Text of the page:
By Wayne D. Garris Jr., J.D.
In her resignation email, a bartender criticized the restaurant’s owner and general manager; shortly thereafter, several servers were terminated after replying to the email to thank the bartender for speaking up for them.
In an unpublished decision, the Second Circuit denied a restaurant’s petition for review of the NLRB’s decision finding it violated the NLRA when it fired four servers who stated their support for a bartender who criticized the restaurant’s management and ownership in her resignation email. Although the bartender’s email was inflammatory and contained profane language, her comments could not be attributed to the servers. Applying the Atlantic Steel factors, the court agreed with the Board that the employees’ messages thanking the bartender for her comments were not “so opprobrious” as to lose the protection of the NLRA (Mexican Radio Corp. v. NLRB, October 15, 2019, per curiam, unpublished).
New manager. Almost immediately after the restaurant operator hired a new general manager, the restaurant’s employees began complaining to the owner and director of operations about the GM’s disrespectful conduct and the unsanitary conditions at the restaurant.
Resignation letter. A few months later, a bartender sent an email to the owners, managers, and certain employees announcing her resignation and criticizing the general manager, the unsanitary conditions, the owners’ business practices and management’s lack of response to the employees’ complaints. The server also accused the owners of tax fraud and used some profane language.
Reply to all. After discussing the email among themselves, four servers each used “reply all” to respond to the email stating their agreement with the bartender and thanking her for voicing the concerns of other employees. Over the next two days, all four of the servers who replied were terminated. The employer’s stated reason for the terminations was insubordination by replying “to an email containing false accusations concerning both management and ownership and inappropriate language.”
NLRB process. An ALJ concluded that the employees engaged in protected concerted activity and that their email replies were not so opprobrious as to lose the protection of the NLRA. The ALJ also rejected the employer’s explanation that it fired the employees because they refused to meet with management or because they abandoned their jobs, finding that the terminations were motivated by the employees’ replies to the email. The Board adopted the ALJ’s findings and recommended order.
Atlantic Steel factors. In cases involving direct communications between an employer and a manager, the Board applies the factors established by Atlantic Steel Co., to determine if the communications are protected by the NLRA. In more recent cases involving comments made in a nonwork setting, the Board applies a “totality of circumstances” analysis. The court, noting that the employee’s conduct was protected under either framework, applied the four Atlantic Steel factors here.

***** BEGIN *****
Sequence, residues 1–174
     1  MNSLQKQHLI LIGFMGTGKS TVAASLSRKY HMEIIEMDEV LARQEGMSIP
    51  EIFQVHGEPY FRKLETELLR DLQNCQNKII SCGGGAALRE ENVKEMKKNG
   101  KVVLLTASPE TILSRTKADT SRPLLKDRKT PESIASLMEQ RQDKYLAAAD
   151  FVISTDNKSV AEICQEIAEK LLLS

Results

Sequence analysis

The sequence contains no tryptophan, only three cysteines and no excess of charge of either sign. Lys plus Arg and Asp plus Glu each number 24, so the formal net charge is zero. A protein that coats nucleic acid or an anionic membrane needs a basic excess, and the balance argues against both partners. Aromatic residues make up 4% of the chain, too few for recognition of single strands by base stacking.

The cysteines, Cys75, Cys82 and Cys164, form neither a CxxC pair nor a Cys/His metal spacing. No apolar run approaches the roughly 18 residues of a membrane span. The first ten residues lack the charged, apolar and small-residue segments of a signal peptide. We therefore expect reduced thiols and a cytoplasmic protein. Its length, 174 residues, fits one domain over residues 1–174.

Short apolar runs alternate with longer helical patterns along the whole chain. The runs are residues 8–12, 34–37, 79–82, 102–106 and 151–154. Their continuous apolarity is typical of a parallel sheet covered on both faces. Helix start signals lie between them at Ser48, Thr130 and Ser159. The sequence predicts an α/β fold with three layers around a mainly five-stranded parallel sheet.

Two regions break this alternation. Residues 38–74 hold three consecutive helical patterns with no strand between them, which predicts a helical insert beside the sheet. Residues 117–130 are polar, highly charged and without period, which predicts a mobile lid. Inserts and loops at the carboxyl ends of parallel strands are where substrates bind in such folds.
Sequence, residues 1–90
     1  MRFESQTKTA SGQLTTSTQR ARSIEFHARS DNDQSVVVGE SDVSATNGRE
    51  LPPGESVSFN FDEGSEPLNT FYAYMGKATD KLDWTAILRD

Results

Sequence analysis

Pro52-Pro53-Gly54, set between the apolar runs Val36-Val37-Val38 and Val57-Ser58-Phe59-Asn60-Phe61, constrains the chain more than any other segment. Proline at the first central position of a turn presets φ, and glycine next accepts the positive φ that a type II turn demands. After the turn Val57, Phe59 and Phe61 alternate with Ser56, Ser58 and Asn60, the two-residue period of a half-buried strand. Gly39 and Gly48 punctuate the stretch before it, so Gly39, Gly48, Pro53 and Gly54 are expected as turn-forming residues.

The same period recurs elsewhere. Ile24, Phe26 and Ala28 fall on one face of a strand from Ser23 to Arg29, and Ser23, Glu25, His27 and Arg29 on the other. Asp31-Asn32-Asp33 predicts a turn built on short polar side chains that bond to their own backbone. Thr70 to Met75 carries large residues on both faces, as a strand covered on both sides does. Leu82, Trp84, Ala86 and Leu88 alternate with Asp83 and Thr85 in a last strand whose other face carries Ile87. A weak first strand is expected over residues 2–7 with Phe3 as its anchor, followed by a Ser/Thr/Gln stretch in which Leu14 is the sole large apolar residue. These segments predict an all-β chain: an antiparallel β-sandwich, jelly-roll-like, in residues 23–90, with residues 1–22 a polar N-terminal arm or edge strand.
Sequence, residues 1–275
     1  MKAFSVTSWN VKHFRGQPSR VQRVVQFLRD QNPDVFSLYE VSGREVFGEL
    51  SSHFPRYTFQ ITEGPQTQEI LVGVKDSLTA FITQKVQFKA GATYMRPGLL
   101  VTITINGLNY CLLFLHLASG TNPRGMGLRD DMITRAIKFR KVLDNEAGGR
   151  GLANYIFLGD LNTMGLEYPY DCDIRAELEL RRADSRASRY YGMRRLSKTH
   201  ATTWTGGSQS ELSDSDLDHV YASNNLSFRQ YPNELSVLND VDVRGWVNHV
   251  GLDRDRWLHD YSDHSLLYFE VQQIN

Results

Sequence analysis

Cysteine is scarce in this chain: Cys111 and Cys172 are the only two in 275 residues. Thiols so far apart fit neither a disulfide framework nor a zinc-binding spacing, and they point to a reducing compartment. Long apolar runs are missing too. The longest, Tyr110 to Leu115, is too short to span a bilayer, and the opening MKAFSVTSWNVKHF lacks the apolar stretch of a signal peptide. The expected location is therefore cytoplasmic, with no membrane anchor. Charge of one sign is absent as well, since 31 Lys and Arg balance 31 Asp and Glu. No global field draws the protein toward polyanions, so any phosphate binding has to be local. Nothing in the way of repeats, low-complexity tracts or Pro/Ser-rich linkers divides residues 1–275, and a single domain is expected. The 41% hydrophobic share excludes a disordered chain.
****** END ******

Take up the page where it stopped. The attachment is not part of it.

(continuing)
Place of discussion. The employer first argued that the “place of discussion” factor weighed against protection because in cases involving modern communication technology, the “pertinent question” is “whether or not the comments were made in front of other employees.” Here, the court found the fact that the emails were sent to a limited group of employees did not weigh against a finding of NLRA protection. In fact, said the court, such a finding would be “antithetical to the nature of concerted action.” Thus, to the extent this factor was applicable, it weighed in favor of NLRA protection.
Subject matter. As to the employer’s contention that the subject matter factor weighed against the employees because their replies were not immediate outbursts made in the heat of the moment, the court, characterizing this argument as “meritless,” concluded that this factor has nothing to do with the timing or emotional nature of the comments. Here, the email chain consisted of a discussion of ongoing problems at the restaurant that had been previously raised with management. Thus, this factor weighed in favor of protection.
Nature of the comments. Regarding the “nature of the employee’s outburst,” while the employer tried to attribute the critical and profane language in the bartender’s email to the terminated servers, this, said the court, contradicted Board precedent in which employees who “liked” a Facebook post did not lose the protection of the NLRA just because the discussion around the post contained unprotected content. Turning to the content of the employees’ replies, the court agreed with the Board that they did not make any negative comments of their own, did not criticize the GM or owners, and did not use any profanity. This factor also weighed in favor of protection.
Provoked by unfair labor practice. And while the employer argued that there was no evidence to suggest that any unfair labor practice provoked either the email or the employees’ actions following it, the Board determined that the emails were provoked, in part, by the GM’s remark that “[i]f you guys don’t like how things [are] working here, then you can go look for another job, you can leave.” The GM’s comment, said the court, amounted to an unfair labor practice because it threatened termination and had the tendency to restrain the employees’ exercise of their Section 7 rights.
Pretext. Lastly, the court agreed with the Board’s finding that the employer’s stated reason for terminating the employees was pretextual. The employer asserted that it fired the employees for refusing to speak with the owners or abandoning their positions. The record showed, however, that the employer viewed the employees’ replies as insubordinate. Furthermore, all of the written reprimands issued to the servers reflected that their emails were the motivation for termination.
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